While certainly not as rarely performed as Pericles, Prince of Tyre or All's Well That Ends Well (much less King John), Sydney productions of The Taming of the Shrew have been few and far between in recent years. Although a highly entertaining yarn, the reason for its scarcity is doubtlessly the play’s problematic gender politics, in which bold Petruchio seeks to marry and “tame” the willful and sharp-tongued Katharina, and is ultimately successful in doing so. Shrew is not generally considered one of Shakespeare’s “Problem Plays” per se, but it has certainly become something of a problem for its interpreters during the last century, and especially since Feminism (although in the increasingly surreal postfeminist landscape where Paris Hilton is a role model, one can only wonder how younger viewers may react to this tale…).
While the similarly feisty and well-matched couple of Benedick and Beatrice from Much Ado About Nothing manage to match wits and insults in a fairly equal manner and genuinely fall in love with each other (with the help of a little external trickery), the power in Shrew’s central relationship is far more unbalanced. Petruchio is initially willing to take Kate’s abuse in good stride but subsequently connives to wear her down by behaving even more contrarily than she does, all under the guise of besotted kindness. Deprived of sleep, food and a sane environment, Kate acquiesces and concludes the play with an infamous speech about a wife’s duty to be subservient to her husband. Unlike many of Shakespeare’s other strong female characters, Kate seems very much to “lose” at the end, resigning herself to a life of wifely obedience rather than entering into a balanced love-match.
The most common method taken to counteract these difficulties is to indeed play the lead characters more like Beatrice and Benedick, making Kate’s insults and Petruchio’s privations into a form of overt flirtation. One has also heard of productions which try to subvert or otherwise wriggle out of Kate’s infamous speech, such as having the actress speak the lines with irony, show the audience a winking look, or even, in one case, display slashed wrists at its conclusion. The results of such gimmicked interpretations can be mixed.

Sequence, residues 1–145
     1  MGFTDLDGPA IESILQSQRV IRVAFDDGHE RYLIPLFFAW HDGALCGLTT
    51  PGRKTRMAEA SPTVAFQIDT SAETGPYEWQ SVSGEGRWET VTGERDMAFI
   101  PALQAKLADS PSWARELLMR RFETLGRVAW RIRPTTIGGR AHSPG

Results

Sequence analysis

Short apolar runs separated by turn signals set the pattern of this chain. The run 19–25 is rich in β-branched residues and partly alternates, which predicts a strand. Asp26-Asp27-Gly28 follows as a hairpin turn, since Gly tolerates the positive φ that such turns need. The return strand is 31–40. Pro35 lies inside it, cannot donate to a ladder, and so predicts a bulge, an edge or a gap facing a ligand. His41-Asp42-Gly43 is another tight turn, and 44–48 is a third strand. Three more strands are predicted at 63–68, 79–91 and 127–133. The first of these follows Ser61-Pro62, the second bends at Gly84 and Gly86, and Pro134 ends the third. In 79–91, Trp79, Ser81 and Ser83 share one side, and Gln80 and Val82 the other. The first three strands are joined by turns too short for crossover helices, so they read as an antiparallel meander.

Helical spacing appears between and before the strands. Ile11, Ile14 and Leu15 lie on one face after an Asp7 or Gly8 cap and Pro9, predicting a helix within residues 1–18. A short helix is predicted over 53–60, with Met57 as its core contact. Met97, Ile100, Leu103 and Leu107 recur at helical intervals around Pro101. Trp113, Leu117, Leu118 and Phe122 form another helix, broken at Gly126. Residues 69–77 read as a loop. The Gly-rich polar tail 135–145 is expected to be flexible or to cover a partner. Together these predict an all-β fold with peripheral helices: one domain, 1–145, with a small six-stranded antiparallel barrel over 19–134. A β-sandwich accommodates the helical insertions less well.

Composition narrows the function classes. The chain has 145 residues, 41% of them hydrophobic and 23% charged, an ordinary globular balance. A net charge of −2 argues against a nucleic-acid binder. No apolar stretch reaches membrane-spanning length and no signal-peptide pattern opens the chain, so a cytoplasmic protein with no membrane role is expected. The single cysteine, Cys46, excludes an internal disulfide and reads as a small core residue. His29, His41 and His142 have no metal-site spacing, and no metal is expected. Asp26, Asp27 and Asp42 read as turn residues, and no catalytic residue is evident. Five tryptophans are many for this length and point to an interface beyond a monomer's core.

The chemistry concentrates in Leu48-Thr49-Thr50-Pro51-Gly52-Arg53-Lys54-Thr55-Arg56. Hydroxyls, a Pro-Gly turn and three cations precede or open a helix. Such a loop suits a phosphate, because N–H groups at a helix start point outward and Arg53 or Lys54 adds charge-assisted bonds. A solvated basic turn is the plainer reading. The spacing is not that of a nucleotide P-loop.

Director Rachel McDonald has instead chosen to stage a relatively “straight” version of the play, choosing to portray the contentious relationship with subtle ambiguities rather than any obviously enforced interpretation. There are certainly hints that Kate eventually understands and possibly even enjoys Petruchio’s strange treatment of her, perhaps even viewing it as something of a game. Although the character hardly becomes meek and mild, she does deliver a seemingly sincere version of her famous closing speech, to which Petruchio has a disquieted, almost fearful reaction. Are we to interpret this as his having become disturbed or remorseful in light of having successfully broken the feisty woman’s spirit? Have the couple begun some form of role-playing in which Petruchio has become the submissive in contradiction to his domineering words? Does he simply realise he liked the old Kate better? This concluding nuance is ambiguous, but in the context of this production it is a boon, leaving the audience with things to ponder.